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Multiple Linux Kernel Vulnerabilities Could Allow Privilege Escalation

by Abeerah Hashim

Heads up Linux users! Numerous vulnerabilities have been discovered in the Linux kernel that could allow privilege escalation. Patches are out, make sure to update your devices at the earliest.

Linux Kernel Vulnerabilities Fixed

A security researcher from Positive Technologies Alexander Popov has found numerous vulnerabilities affecting the Linux Kernel. Positive Technologies has disclosed the existence of five security flaws in Kernel via a recent update.

Elaborating more in another post, Popov mentioned that he found these vulnerabilities in the AF_VSOCK implementation. He could identify them as race condition flaws that allowed an adversary to gain elevated privileges on the target systems.

He tried exploiting one of these and could demonstrate local privilege escalation on a “Fedora Server 33 for x86_64, bypassing SMEP and SMAP”.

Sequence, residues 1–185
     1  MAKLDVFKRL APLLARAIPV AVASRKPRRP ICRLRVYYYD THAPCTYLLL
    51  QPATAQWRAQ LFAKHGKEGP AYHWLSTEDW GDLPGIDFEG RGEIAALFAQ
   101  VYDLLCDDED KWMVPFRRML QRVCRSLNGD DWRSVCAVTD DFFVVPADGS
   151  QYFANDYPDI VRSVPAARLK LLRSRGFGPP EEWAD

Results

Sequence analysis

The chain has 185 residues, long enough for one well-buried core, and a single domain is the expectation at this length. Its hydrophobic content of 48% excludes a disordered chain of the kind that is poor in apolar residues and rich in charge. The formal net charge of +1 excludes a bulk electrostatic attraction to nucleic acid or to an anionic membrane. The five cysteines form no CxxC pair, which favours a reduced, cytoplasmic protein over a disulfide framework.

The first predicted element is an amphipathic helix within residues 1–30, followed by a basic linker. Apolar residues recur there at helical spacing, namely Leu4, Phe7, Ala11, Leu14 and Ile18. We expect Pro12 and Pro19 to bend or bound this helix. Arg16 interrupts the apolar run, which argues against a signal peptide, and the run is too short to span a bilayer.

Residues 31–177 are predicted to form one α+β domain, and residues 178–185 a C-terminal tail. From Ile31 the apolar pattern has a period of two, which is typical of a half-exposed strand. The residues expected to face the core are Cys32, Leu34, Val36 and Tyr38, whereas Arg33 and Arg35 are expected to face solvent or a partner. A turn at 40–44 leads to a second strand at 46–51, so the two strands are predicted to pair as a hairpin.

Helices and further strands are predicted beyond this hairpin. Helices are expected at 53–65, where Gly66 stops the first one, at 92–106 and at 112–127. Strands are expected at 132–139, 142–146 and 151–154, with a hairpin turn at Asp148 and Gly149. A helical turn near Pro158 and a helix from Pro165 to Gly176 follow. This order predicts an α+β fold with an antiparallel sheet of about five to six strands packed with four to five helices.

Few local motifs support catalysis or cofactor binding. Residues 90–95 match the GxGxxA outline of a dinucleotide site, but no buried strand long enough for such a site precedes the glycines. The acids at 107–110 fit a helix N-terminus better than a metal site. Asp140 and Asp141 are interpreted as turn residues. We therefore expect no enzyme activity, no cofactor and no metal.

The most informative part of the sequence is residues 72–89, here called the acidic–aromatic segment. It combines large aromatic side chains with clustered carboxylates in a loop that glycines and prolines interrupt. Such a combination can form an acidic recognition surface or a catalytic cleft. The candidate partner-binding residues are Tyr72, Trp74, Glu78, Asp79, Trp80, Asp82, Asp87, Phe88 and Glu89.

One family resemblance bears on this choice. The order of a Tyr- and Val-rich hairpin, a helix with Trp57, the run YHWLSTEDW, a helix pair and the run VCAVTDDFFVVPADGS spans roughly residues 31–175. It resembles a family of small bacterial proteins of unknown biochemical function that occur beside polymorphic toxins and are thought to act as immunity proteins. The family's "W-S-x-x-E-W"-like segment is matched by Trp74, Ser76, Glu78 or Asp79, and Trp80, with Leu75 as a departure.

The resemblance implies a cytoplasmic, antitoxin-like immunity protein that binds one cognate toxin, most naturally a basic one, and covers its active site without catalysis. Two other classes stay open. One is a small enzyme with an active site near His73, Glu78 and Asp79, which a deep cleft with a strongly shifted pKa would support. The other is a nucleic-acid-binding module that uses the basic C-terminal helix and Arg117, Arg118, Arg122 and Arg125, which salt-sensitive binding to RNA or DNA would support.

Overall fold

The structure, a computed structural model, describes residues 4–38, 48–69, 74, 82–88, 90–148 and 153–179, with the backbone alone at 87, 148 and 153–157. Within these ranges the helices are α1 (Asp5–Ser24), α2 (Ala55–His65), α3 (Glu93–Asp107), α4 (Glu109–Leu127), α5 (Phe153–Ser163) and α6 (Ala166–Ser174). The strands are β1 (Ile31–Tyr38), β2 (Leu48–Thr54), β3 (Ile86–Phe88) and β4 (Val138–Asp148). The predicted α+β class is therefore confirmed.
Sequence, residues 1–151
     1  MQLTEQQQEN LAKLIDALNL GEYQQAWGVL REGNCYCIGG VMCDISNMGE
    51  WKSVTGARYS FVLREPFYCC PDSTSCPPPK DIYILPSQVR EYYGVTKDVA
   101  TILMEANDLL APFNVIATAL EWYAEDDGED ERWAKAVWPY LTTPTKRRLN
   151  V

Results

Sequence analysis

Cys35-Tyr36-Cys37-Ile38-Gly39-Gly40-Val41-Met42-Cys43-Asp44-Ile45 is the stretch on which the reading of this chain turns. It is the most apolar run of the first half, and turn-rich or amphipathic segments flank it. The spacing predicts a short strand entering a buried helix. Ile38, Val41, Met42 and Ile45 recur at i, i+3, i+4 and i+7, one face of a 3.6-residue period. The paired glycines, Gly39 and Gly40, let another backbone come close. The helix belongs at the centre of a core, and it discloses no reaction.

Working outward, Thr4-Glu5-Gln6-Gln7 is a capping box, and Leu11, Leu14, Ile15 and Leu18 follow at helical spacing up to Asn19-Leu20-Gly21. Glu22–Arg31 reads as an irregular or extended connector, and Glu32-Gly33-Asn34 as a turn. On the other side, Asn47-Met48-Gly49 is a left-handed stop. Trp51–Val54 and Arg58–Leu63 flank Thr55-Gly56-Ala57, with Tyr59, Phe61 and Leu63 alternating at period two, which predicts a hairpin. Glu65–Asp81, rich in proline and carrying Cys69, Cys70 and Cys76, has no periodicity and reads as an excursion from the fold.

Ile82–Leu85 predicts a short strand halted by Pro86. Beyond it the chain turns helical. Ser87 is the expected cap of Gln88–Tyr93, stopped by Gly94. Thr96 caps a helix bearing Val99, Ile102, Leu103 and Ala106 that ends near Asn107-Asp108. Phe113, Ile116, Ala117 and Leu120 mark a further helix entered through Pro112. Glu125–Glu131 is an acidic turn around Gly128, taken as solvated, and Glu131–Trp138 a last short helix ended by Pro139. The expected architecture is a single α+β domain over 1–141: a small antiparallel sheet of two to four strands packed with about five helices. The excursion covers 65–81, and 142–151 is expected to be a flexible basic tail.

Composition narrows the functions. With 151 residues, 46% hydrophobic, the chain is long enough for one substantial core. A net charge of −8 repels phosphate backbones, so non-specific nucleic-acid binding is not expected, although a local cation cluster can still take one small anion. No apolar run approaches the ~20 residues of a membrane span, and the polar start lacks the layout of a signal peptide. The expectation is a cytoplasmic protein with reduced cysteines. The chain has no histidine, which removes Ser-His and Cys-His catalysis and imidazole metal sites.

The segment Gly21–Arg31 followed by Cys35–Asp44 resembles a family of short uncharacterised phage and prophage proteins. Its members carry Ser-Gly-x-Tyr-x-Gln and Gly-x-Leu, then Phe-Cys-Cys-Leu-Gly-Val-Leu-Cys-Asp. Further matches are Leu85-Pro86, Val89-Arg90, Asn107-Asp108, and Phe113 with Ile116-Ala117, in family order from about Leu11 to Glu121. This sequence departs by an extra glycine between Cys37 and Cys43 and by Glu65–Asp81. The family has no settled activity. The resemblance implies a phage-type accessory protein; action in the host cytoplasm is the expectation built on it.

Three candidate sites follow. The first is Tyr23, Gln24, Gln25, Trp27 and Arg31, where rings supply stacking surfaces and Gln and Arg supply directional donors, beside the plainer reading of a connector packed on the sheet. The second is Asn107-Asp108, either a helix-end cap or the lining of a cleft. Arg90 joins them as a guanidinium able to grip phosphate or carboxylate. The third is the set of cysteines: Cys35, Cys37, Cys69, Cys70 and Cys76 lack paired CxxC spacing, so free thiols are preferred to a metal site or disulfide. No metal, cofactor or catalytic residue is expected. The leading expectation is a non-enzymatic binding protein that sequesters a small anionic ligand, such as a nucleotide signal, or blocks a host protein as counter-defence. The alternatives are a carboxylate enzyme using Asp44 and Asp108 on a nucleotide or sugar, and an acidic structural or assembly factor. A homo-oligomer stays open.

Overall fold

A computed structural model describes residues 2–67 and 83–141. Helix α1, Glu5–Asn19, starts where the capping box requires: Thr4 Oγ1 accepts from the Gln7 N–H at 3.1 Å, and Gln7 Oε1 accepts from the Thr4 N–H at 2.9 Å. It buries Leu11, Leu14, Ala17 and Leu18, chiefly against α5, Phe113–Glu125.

Describing these bugs, Popov stated,

CONFIG_VSOCKETS and CONFIG_VIRTIO_VSOCKETS are shipped as kernel modules in all major GNU/Linux distributions. The vulnerable modules are automatically loaded when you create a socket for AF_VSOCK. That is available for unprivileged users and user namespaces are not needed for that.
These vulnerabilities are race conditions caused by wrong locking in net/vmw_vsock/af_vsock.c.

These vulnerabilities appeared back in November 2019 in the commits that added VSOCK multi-transport support.

The race conditions were implicitly introduced in November 2019 in the commits c0cfa2d8a788fcf4 and 6a2c0962105ae8ce that added VSOCK multi-transport support. These commits were merged in the Linux kernel v5.5-rc1.

As for the CVE, these bugs have received the ID CVE-2021-26708 and a high-severity rating with CVSS score of 7.0.

Patches Rolled Out

Fortunately, before any active exploitation, Popov fixed these bugs for the users. Popov has confirmed merging of these patches with the mainline kernel version 5.11-rc7.

Also, the fixes have been “backported into the stable affected trees”.

As Positive Technologies elaborated, this isn’t the first time Popov found and patched a vulnerability. Earlier, he has also caught and fixed two Linux, bugs CVE-2017-2636 and CVE-2019-18683, as well in 2017 and 2020 respectively.

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